One of the top causes of climate change is greenhouse gas emissions. Cities contribute to carbon emissions through transport systems that rely on fossil fuels. Plus, many buildings are made with carbon-intensive materials, such as steel and concrete.
Some builders are already making changes, such as installing LED lighting or sustainable insulation. Cellulose insulation is a good choice because it's made from recycled newspapers.
We can also track energy data to improve efficiency. For example, computer tools can analyze how much power HVAC systems use daily. With this information, homeowners can try to reduce their overall consumption.
5. It Can Protect Our Oceans
Many coastal areas rely on marine life to eat and make a living. However, our oceans have become contaminated due to pollution, pesticides, and harsh chemicals. Also, global warming has led to the melting of icecaps. We can use data-gathering technology to monitor sea levels and toxicity.
We can then implement strategies to counter problem areas. These include things like restricting algae growth and restoring oxygen to dead zones. Cities can also enforce a plastic ban and invest in effective waste-management systems. For example, nitrates from farm runoff can be converted into fertilizer.
6. It Can Encourage More Green Spaces
Forests are home to a wide variety of diverse wildlife and plants. They depend on this natural environment to survive. We also rely on plants and animals as food sources. Plus, forests provide us with lumber, and the trees help absorb carbon dioxide. We can use intelligent technologies to collect data on the different environments species need to flourish.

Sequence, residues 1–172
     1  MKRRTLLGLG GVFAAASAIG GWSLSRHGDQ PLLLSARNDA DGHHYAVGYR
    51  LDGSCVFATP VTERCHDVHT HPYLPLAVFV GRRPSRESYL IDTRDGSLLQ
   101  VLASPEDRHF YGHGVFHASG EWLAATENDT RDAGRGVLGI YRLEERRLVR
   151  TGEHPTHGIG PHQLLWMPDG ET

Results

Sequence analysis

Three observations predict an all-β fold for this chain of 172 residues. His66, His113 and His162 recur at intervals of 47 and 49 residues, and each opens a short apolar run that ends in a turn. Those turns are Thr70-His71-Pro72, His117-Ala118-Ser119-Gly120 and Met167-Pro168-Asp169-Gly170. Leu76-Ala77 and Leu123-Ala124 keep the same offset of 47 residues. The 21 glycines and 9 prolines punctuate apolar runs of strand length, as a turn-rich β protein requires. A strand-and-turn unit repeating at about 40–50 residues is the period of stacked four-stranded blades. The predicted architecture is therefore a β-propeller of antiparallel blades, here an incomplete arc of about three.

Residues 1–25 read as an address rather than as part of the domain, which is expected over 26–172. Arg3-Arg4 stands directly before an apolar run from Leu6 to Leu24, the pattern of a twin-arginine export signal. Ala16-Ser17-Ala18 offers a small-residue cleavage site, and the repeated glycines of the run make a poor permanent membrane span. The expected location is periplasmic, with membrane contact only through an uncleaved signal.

Integrating green spaces into cities is essential for sustainable development. It also gives people a place to relax away from the busyness of the city. So, we need to start cleaning the city streets and adding more vegetation in public areas. A greener city also allows for local produce shipments, lowering the collective carbon footprint further.
7. It Can Reduce Waste Accumulation
In cities, waste can accumulate through construction, overproduction, and food waste. Many of these products then end up in landfills. They release methane gas when they break down, contributing to climate change.
So, it’s essential to figure out how to extend a product's life cycle. Certain countries are already taking creative steps. Singapore crystallizes the ash from waste incineration to create basic building materials. It’s also critical to have proper waste management. For example, smart sensors can alert garage crews when bins overflow with trash.
Intelligent Cities Can Help the Planet
Cities tend to contribute to climate issues due to their dense populations. They consume more energy and resources. However, smart cities can use innovative technology to track data and implement solutions.
Article by Jane Marsh
Jane works as an environmental and energy writer. She is also the founder and editor-in-chief of